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Hagrid jumped in the little greenhouse as soon as I had removed the seedlings.

Snow? An Indoor Greenhouse to the Rescue

17 Mar

IMG_2288 Snow. It snowed today. We even set a few records for the level of snow this late in the year. But no worries at my end.  I have an entire greenhouse operation going on inside my house.  Over the past few years I started indoors a few things from seed, including tomatoes and peppers. But lack of space and my cat made the endeavor very challenging. After Hagrid (the cat) ravaged my tender seedlings a few years ago, I ended up setting up my system in a small area in my living room using a big cage with clip on grow lights and warming pads.  It did the trick but greatly limited me in the amount of seedlings I could grow.  It was also difficult to regulate the temperature and the peppers had a hard time, resulting in a meager yield of survivors. But this year is different. Thanks to my husband who did some renovation in our upstairs half floor attic, I have more space and with it, more ambitions for the growing season.  I ordered a multi-shelf covered greenhouse from Lowe’s that I had coveted over the past few years.

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Seeding tray and my seed packets.

Then I got my seeding supplies ready and began planting.

Patrick and Hagrid building the little greenhouses from IKEA

Patrick and Hagrid building the little greenhouses from IKEA

During a trip to IKEA, we came upon little greenhouse units and picked up a few of them.  Then over a  few weekends, we collected an assortment of grow lights. One professional grow light was picked up at a local hydroponics store and the owner gave us a great discount on a super cool unit in addition to some excellent growing advice.  I learned that the key is to get florescent lights that are “daytime” intensity.   I also learned that LED lights are the best but also the most expensive.  The other grow lights I purchased from local hardware stores included a collection of  inexpensive under the cabinet style plug in florescent units and small clamp on shop lights.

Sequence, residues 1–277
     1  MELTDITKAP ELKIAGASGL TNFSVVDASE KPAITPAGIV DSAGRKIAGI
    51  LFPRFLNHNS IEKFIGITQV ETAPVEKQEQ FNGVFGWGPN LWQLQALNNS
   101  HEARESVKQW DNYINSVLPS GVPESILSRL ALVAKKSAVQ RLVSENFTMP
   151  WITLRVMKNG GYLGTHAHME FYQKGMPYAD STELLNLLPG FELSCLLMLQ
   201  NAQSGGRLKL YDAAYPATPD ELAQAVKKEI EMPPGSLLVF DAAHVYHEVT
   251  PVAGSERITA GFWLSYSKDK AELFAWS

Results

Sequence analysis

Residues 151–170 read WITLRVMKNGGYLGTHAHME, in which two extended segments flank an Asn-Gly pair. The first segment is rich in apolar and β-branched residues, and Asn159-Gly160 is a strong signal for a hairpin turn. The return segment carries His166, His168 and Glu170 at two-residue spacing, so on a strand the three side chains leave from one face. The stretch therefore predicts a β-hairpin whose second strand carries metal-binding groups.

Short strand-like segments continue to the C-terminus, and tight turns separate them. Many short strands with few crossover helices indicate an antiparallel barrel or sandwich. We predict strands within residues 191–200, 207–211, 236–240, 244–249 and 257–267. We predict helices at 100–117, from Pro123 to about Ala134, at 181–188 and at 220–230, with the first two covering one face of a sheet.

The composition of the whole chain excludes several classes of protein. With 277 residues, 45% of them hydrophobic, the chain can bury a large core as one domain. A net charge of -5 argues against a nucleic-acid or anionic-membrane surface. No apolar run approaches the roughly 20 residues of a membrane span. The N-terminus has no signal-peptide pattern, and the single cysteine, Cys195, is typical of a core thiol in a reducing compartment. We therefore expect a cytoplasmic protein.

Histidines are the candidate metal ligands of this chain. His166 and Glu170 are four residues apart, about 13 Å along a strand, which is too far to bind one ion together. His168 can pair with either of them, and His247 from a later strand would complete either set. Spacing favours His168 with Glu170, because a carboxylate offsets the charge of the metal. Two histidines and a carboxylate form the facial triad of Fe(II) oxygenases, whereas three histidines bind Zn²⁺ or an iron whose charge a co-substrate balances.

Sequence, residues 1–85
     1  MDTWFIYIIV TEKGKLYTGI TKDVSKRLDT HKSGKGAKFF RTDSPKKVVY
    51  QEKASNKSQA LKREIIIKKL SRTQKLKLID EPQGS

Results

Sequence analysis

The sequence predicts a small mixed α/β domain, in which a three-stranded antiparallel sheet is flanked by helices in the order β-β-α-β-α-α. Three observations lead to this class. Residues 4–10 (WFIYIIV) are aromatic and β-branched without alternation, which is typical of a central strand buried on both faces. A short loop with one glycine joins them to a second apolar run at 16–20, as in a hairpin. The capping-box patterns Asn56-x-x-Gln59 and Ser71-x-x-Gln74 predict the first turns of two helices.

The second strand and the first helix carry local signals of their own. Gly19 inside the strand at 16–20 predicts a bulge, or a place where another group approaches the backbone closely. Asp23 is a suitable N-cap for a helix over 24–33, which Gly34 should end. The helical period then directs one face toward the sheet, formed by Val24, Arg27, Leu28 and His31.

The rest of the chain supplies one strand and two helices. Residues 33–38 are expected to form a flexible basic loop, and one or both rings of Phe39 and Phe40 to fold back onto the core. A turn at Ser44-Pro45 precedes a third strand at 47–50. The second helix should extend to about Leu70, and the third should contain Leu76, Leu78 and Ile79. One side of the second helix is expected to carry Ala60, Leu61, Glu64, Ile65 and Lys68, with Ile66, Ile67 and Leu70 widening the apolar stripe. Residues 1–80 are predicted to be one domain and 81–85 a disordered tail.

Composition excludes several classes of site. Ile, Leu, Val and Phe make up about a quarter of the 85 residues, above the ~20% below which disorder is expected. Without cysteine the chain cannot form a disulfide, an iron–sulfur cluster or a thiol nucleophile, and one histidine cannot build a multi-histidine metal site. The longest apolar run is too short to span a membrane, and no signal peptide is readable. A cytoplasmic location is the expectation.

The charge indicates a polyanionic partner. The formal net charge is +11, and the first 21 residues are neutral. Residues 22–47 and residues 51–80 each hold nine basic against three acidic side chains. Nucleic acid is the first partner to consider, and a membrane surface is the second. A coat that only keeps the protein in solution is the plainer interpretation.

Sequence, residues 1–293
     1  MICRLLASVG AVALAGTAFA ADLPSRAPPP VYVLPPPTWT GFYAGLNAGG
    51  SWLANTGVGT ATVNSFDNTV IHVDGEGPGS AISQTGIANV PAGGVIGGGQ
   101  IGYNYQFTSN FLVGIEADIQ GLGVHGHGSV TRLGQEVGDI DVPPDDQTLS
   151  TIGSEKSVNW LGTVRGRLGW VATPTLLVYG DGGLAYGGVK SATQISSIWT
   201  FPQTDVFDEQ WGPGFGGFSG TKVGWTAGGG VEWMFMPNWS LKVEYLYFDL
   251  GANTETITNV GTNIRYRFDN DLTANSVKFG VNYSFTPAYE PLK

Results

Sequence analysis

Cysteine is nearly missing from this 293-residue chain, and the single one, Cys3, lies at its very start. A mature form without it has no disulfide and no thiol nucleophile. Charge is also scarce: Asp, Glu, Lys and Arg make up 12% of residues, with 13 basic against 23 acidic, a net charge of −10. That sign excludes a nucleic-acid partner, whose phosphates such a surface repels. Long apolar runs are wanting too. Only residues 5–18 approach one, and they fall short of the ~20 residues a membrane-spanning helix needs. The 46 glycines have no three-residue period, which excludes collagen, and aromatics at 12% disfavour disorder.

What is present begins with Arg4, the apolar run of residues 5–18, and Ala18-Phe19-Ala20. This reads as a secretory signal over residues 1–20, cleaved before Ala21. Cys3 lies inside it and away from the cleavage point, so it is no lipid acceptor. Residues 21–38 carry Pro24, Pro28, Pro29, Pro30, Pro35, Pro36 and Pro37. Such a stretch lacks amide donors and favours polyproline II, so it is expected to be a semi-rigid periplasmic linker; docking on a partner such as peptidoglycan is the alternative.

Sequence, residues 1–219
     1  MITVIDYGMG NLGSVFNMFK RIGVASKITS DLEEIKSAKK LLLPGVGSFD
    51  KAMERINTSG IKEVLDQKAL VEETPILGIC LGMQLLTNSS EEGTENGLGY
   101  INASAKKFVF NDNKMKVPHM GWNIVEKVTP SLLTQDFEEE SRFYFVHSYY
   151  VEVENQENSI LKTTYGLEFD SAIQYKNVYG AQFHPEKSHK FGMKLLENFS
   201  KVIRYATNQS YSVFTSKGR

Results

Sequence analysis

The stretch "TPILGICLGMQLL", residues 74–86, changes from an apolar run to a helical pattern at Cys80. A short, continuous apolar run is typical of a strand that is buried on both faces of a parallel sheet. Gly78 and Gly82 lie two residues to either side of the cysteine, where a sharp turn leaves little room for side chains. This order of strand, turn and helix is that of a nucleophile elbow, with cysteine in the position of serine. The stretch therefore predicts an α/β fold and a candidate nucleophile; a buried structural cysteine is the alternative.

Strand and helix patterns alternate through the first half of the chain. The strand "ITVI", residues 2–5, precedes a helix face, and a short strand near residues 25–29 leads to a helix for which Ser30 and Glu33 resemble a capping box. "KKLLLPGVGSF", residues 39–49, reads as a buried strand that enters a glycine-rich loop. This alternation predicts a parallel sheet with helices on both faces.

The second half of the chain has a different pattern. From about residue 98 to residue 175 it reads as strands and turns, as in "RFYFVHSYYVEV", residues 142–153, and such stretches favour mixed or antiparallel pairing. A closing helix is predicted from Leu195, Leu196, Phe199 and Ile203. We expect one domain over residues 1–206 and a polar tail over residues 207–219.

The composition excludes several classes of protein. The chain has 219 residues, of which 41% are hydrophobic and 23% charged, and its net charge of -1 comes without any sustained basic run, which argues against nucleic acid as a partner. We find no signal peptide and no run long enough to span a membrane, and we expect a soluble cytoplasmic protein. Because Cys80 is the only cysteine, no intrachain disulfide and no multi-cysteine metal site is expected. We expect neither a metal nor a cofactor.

What happens when you spend too much time looking for grow lights. Loved these clamp on lights.

What happens when you spend too much time looking for grow lights. Loved these clamp on lights.

My son.  Worn out by the grow light shopping marathon.

My son. Worn out by the grow light shopping marathon.

Then I rounded out my purchases with a few new seedling heat mats since I only had two and needed a few more.

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IKEA Greenhouses with tomatoes and peppers (3 weeks after planting seeds)

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Just over one week after planting seeds.

Ta da!   Three weeks later I got four varieties of tomatoes, two varieties of sweet peppers, beets, baby bok choi, lettuce, kale, swiss chard and basil growing strong. As soon as the snow clears, I will get the kale, swiss chard, beets and baby bok choi into the ground under the hoop cold frame in my community garden.   Then I look forward to moving the tomatoes, peppers and basil into the outdoor greenhouse to begin the hardening off process before the last frost date (estimated to be May 1). Now back to today.  Snow.  Lots of snow.  Hard to believe that in just a few weeks, we will see the buds of Spring.

Today’s snow. The outdoor greenhouse and the “add on” greenhouse started over the warm weekend, waiting for another warm day to be completed.